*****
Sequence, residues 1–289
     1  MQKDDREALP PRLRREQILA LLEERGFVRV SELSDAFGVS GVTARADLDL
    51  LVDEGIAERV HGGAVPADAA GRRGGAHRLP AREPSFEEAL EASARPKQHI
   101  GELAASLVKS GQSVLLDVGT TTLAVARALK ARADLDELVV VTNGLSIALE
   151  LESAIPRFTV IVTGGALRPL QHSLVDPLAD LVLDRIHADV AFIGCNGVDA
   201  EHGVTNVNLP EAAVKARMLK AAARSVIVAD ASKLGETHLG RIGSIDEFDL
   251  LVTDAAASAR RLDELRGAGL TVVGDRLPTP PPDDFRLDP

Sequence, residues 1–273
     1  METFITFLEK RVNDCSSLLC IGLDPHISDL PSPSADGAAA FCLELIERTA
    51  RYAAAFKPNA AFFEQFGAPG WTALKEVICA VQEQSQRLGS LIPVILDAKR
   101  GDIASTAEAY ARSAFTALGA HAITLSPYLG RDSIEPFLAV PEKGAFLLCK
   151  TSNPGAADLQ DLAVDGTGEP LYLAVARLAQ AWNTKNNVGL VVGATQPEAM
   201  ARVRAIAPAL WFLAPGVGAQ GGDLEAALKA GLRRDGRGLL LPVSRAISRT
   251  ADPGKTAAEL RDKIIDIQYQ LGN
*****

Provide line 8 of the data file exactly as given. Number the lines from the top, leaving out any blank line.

Sequence, residues 1–273